The field of socio-legal research has encountered three fundamental challenges over the last three decades – it has been criticized for paying insufficient attention to legal doctrine, for failing to develop a sound theoretical foundation and for not keeping pace with the effects of the increasing globalization and internationalization of law, state and society. This book examines these three challenges from a methodological standpoint. It addresses the first two by demonstrating that legal sociology has much to say about justice as a kind of social experience and has always engaged theoretically with forms of normativity, albeit on its own empirical terms rather than on legal theory’s analytical terms. The book then explores the third challenge, a result of the changing nature of society, by highlighting the move from the industrial relations of early modernity to the post-industrial conditions of late modernity, an age dominated by information technology. It poses the question whether socio-legal research has sufficiently reassessed its own theoretical premises regarding the relationship between law, state and society, so as to grasp the new social and cultural forms of organization specific to the twenty-first century’s global societies.
Author: Mark Fenwick
Publisher: Bloomsbury Publishing
Release Date: 2017-09-21
The principle of legal certainty is of fundamental importance for law and society: it has been vital in stabilising normative expectations and in providing a framework for social interaction, as well as defining the scope of individual freedom and political power. Even though it has not always been fully realised, legal certainty has also functioned as a normative ideal that has structured legal debates, both at the national and transnational level. This book presents research from a range of substantive areas regarding the meaning, possibility and desirability of legal certainty in the context of a rapidly changing global society. It aims to address these issues by bringing together scholars from various jurisdictions in order to examine changes in the shifting meaning of legal certainty in a comparative and transnational context. In particular, the book explores some of the tensions that now exist between the conventional expectation of legal certainty and the various challenges associated with regulating highly complex, late modern economies and societies. The book will be of interest to lawyers concerned with understanding the transformation of core rule of law values in the context of contemporary social change, as well as to political scientists and social theorists.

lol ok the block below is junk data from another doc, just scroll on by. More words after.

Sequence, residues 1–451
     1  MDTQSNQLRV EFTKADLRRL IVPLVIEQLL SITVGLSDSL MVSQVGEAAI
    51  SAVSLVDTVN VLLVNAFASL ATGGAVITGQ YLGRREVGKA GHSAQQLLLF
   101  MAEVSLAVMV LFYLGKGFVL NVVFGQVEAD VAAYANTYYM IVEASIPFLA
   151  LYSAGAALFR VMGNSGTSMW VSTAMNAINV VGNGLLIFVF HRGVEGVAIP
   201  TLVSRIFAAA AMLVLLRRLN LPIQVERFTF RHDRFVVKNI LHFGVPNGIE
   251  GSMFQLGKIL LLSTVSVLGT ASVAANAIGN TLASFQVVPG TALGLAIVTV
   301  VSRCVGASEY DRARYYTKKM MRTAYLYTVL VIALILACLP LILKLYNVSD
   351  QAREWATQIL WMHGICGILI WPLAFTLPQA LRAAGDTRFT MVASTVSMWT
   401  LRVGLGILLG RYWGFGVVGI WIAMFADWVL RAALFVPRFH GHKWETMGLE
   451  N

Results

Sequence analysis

Author: Alberto Febbrajo
Release Date: 2016-05-05
This collection brings together some of the most influential sociologists of law to confront the challenges of current transnational constitutionalism. It shows the constitution appearing in a new light: no longer as an essential factor of unity and stabilisation but as a potential defence of pluralism and innovation. The first part of the book is devoted to the analysis of the concept of constitution, highlighting the elements that can contribute from a socio-legal perspective, to clarifying the principle meanings attributed to the constitution. The study goes on to analyse some concrete aspects of the functioning of constitutions in contemporary society. In applying Luhmann’s General Systems Theory to a comparative analysis of the concept of constitution, the work contributes to a better understanding of this traditional concept in both its institutionalised and functional aspects. Defining the constitution’s contents and functions both at the conceptual level and by taking empirical issues of particular comparative interest into account, this study will be of importance to scholars and students of sociology of law, sociology of politics and comparative public law.
Author: Petri Mäntysaari